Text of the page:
2. What are your greatest strengths?
    • Answer: "One of my greatest strengths is my ability to analyze complex problems and develop creative solutions. In my last position at [previous employer], for example, I was able to successfully implement [specific example], which led to [positive result]."
  3. Where do you see yourself in five years?
    • Answer: "In five years, I see myself in a position where I can continue to contribute to the development of innovative solutions: I strive to further develop my skills in [specific area of expertise] and continue to educate myself to make an even greater contribution to the company's success."

These strategies and approaches will enable you to appear confident and self-assured in the interview, which will significantly increase your chances of a successful application.

Golden rule no. 8: Inappropriate questions and taboo topics in job interviews

In a job interview, there are certain questions and topics that may be inappropriate or even legally problematic. By avoiding inappropriate questions and taboo topics, you will contribute to a professional and respectful interview that focuses on professional suitability and mutual benefit.

If you encounter inappropriate questions in the interview, you could respond in the following appropriate ways:

  • Politely decline: If you are asked an inappropriate question, you can politely respond, "I prefer to focus on my professional qualifications and experience."
  • Ask a follow-up question: Ask a follow-up question to steer the topic back to the professional context: "How does this information affect my ability to fulfill the requirements of the job?"

Here are some inappropriate questions and taboo topics to avoid in these ways:

Inappropriate Questions from the Employer

Marital status Questions such as "Are you married?" or "Do you have children?" are not permitted as they are not related to professional qualifications.
Planning children Questions about family planning, such as "Are you planning to have children in the near future?", are not permitted.
Age Questions such as "How old are you?" are discriminatory and not permitted.
Religion Questions about religious affiliation, such as "Which religion do you belong to?", are not permitted.
Sexual orientation Questions about sexual orientation, such as "Are you homosexual?", are absolutely taboo.
Health status Questions about general health status, such as "Do you have any health problems?", are not permitted unless they relate directly to the ability to perform the specific duties of the job.
Disability Questions about disability, such as "Do you have a disability?", are not permitted unless the disability is directly related to the job.
Political views Questions such as "Which political party do you support?" are inappropriate.
Trade union membership Questions about trade union membership, such as "Are you a member of a trade union?", are not permitted.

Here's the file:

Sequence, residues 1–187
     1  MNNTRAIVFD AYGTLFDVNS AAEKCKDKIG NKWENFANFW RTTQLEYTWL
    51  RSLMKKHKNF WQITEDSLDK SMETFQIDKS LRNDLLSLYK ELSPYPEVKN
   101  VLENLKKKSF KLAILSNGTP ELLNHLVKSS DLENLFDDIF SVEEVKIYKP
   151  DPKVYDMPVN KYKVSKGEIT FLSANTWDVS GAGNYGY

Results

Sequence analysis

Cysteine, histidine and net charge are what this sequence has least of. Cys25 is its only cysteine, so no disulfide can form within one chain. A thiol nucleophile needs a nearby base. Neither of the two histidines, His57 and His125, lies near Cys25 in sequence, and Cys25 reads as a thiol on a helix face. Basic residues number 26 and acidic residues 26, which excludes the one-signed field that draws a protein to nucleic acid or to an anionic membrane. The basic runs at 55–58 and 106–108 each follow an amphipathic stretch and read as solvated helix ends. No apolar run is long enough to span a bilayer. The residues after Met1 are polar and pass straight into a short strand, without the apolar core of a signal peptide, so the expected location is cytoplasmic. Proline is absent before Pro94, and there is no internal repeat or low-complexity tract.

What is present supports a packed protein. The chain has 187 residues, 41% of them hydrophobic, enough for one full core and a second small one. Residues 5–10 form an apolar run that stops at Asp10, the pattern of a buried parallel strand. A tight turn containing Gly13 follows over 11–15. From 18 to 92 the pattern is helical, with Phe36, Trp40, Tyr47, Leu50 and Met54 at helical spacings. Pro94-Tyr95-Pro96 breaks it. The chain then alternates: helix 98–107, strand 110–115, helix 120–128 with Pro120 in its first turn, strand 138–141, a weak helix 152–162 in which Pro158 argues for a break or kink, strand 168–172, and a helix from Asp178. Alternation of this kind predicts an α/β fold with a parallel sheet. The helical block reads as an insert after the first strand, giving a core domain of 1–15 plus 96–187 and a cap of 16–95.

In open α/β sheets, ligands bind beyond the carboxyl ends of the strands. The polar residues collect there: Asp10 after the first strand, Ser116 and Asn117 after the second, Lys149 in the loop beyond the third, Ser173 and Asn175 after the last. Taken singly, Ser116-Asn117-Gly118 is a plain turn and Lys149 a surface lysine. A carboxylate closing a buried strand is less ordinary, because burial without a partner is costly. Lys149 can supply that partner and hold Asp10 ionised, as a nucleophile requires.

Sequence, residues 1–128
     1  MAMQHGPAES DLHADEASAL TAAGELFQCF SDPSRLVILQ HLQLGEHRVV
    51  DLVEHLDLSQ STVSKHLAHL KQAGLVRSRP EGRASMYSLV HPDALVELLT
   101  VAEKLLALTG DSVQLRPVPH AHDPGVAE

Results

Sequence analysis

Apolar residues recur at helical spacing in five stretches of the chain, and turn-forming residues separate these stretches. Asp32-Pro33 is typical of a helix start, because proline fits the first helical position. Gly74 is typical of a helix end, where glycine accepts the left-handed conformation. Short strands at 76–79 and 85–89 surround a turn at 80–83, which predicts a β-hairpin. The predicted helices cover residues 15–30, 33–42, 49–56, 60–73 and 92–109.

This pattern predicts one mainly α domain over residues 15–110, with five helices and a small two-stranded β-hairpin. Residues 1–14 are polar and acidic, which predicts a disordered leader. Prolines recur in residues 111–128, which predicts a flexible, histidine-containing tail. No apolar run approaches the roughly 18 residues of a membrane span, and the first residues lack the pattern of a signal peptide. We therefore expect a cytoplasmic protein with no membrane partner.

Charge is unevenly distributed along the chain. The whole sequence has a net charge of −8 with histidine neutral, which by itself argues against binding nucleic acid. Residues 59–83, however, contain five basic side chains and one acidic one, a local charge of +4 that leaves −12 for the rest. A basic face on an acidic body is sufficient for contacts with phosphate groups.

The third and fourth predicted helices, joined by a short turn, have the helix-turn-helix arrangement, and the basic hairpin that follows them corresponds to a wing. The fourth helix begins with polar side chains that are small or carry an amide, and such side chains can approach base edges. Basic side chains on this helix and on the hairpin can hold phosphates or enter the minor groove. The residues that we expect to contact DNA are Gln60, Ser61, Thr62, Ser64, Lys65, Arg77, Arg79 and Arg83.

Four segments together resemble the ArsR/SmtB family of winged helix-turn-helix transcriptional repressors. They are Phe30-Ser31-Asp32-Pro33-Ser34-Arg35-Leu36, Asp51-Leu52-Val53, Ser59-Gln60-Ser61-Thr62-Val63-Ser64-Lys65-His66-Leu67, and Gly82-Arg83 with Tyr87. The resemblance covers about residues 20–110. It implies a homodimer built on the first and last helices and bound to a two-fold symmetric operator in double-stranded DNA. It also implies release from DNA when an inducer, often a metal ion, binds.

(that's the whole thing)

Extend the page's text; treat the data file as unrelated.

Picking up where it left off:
Previous convictions Questions about previous convictions, such as "Do you have a criminal record?", are only permitted if the previous convictions are directly related to the job to be performed.

Golden rule no. 9: Weaknesses & strengths in the job interview

A conscious and strategic approach to your strengths and weaknesses in the interview can help you to make a positive and authentic impression. Prepare well, be honest and show that you are willing to work on your weaknesses and use your strengths in a targeted manner.

Examples of Strengths for Job Interviews

  • Problem-solving ability: "I have a strong analytical mindset and can quickly identify and solve complex problems. For example, in my last position, I identified a critical production problem and found a solution within a short period of time that increased efficiency by 20%."
  • Communication skills: "I am a very strong communicator and can convey information clearly and concisely. In my last role, I regularly gave presentations to key stakeholders and explained complex issues clearly."
  • Time management: "I am very good at time management and can prioritize several tasks at the same time and complete them efficiently. During my studies, I worked part-time and still always completed my tasks on time and to a high standard."
  • Creativity: "I bring a creative approach to problems, and in my last position I developed several innovative marketing campaigns that increased sales by 30%."

Examples of Weaknesses in a Job Interview

  • Difficulty delegating tasks: "I sometimes have difficulty delegating tasks because I want to make sure everything is done properly. However, I am learning to trust others and delegate responsibility to improve teamwork."
  • Impatience: "I can be impatient at times, especially when it comes to completing projects quickly. I'm working on being more patient and appreciating the process more."
  • Reluctance to network: "I tend to be introverted and sometimes find it difficult to actively approach others and network. However, I am making an effort to expand my comfort zone and take advantage of more opportunities for professional networking."